One of the things that has taught me the most in my blogging experience is not the writing of my blog posts, but the reading of others. I've looked at many posts with a mixture of awe and envy over the years at amazing abilities to tell stories, make observations and move me to tears.
Here's a list of what I think are some important blogging lessons I have learned over the years. And mind you, I have made every-single-one of these mistakes.
1. What's your point?
Quite a few pieces I read really suffer from not having an actual premise or a theme or the piece ends up straying far from where it started, kind of like the writer's equivalent of not cleaning out the garage because every photo or can of aerosol spray you pick up leads you to another mini-project. It's true that sometimes you intend to write about one thing and the piece takes on a life of it's own. Still, if your blog post isn't about something and doesn't tie back into your theme it reads as choppy and disorganized. You may be writing a lot of great things in there but unless you are tying them together somehow they they get lost.
2. Location, location, location
Just like in business, good blogging is also about real estate.
Many of us bloggers nowadays not only publish on our own blog sites but also as part of other publications' blog platforms. Think about the kind of people that likely read the site you are thinking of publishing your piece to and ask yourself critically if the readership is actually interested in what you are writing about. Case in point: I blog a lot about our journey with autism but I also blog for the Times of Israel. I have published very little about autism there because while there may be those who might be interested in this topic, largely the readership of Times of Israel is not primarily coming to the site to hear more about autism. They are interested in Israel, politics, Jewish life and religious topics. It's just not the right audience for autism and I largely avoid publishing those kinds of pieces there.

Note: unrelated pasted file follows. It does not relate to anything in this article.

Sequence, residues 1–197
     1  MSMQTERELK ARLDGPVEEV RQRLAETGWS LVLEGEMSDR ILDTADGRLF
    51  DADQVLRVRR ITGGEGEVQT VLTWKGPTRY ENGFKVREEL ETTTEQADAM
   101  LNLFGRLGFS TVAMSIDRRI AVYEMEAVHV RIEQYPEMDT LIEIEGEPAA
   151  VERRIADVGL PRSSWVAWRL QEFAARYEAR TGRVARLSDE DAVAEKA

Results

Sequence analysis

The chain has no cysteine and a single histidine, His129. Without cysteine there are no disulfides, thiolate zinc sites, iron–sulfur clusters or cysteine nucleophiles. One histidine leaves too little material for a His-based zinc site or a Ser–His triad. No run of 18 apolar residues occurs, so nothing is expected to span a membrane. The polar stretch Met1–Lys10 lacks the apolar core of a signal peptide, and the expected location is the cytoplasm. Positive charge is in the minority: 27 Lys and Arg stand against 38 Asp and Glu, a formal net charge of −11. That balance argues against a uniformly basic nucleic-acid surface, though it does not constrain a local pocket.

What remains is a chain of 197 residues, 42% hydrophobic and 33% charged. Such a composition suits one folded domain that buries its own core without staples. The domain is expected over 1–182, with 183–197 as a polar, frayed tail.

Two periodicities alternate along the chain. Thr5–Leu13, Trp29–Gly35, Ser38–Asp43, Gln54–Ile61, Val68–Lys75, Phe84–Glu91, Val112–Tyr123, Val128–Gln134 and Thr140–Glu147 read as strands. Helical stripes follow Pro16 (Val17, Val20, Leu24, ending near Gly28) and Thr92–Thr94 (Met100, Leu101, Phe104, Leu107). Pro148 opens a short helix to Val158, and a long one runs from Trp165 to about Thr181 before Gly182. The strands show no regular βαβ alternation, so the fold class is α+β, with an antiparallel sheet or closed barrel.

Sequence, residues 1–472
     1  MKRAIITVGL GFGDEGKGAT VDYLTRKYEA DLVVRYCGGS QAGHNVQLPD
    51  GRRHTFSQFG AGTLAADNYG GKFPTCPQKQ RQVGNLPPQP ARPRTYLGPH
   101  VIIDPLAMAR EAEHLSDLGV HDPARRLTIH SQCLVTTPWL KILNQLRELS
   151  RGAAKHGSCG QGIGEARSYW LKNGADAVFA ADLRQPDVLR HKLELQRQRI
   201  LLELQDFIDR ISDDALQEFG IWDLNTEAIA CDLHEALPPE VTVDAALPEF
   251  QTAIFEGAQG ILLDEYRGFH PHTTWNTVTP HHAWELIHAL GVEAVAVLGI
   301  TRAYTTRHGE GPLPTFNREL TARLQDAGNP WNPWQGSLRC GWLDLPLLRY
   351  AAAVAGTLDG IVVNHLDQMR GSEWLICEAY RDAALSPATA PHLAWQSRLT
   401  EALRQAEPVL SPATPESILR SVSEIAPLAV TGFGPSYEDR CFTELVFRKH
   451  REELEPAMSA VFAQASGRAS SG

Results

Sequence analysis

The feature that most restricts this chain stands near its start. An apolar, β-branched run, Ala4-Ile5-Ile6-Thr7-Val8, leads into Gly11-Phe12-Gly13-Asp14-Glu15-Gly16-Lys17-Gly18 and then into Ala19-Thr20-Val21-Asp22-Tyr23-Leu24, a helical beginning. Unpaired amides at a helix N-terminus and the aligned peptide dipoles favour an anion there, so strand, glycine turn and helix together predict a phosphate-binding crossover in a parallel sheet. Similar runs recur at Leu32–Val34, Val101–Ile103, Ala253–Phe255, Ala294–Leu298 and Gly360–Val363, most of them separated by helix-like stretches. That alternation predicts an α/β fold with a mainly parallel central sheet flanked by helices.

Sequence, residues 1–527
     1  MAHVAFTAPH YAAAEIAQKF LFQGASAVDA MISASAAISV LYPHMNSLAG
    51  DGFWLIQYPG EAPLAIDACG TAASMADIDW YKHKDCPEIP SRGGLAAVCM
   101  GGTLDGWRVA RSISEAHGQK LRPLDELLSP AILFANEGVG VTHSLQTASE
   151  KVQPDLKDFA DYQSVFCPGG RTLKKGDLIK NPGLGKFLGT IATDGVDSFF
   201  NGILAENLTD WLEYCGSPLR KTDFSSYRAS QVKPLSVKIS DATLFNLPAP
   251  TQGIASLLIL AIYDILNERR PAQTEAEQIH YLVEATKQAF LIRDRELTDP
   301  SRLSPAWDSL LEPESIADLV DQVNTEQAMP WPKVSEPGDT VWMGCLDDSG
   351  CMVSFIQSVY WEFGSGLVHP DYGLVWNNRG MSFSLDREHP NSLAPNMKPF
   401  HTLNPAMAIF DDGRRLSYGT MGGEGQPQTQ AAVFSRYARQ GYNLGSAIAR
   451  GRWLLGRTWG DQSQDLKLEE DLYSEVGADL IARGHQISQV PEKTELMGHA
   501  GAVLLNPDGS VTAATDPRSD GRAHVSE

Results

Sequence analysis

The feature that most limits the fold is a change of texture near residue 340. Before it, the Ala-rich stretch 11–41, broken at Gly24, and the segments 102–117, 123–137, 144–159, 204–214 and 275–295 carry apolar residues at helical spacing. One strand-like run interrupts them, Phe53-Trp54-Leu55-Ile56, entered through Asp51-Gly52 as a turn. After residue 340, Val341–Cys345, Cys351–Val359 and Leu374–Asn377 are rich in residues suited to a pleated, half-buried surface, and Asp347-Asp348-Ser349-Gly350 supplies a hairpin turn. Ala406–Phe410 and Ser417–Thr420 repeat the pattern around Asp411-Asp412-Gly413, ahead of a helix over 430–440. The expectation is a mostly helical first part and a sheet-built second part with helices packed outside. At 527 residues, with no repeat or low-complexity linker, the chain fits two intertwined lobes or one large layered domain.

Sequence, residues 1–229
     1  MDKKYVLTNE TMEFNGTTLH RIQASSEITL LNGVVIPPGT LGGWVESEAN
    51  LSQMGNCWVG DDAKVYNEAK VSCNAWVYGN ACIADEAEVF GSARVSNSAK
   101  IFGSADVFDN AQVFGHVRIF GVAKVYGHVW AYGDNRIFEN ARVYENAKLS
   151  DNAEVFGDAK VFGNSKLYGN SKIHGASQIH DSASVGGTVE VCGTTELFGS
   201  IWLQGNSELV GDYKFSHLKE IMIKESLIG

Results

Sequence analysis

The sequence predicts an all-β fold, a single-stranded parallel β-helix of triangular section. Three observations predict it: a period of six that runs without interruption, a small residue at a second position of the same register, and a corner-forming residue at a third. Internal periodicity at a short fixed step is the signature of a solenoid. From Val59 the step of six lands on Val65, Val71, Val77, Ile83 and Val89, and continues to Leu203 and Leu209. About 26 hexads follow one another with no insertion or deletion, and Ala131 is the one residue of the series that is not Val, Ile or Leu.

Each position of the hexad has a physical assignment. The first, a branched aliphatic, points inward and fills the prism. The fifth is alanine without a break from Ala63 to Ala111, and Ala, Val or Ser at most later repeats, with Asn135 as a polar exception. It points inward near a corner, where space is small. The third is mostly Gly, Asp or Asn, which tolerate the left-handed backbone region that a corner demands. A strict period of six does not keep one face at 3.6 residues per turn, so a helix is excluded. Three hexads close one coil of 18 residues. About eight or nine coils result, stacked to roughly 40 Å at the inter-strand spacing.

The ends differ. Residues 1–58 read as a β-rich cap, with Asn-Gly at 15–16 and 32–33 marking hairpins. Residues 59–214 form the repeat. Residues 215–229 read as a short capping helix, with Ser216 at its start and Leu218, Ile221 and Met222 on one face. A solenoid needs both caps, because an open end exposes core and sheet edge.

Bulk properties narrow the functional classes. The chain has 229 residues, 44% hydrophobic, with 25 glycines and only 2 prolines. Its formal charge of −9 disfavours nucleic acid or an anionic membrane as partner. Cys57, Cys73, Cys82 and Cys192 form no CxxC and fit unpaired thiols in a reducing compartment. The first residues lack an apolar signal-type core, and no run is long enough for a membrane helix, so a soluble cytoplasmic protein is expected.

3. Too much of a good thing is not a good thing
I am sometimes guilty of not using photos enough to break up my blog posts. Often my pieces on Kveller or Times of Israel in editing get photos added to them. Adding some photos can really make a piece come alive. It also can break up the text and keep people interested. Adding too many photos though can become an irritation. Most of us are not writing children's books. Of course there are no rules on this, and probably some would disagree but I would say no more than 3 photos per post and not more than a photo per 3 paragraphs is more than enough. If you do that think about whether or not the photos are really a fundamental part of your story line.
4. Size matters
People read blogs for information and for entertainment. Blog posts are not term papers. They are not an online thesis or your summer reading list. Very simply, if your post is too long, people will not stay interested. I make this error a lot as my posts tend to be on the long side. Sure, there can be a topic so important that you need to spend more time on it, or it just may not be possible to portray what you want to portray. A good length to aim for generally about 500ish words. If you need to go beyond 500, think about breaking up the post with headings and if you get to 1000 words, think seriously of breaking the post in two.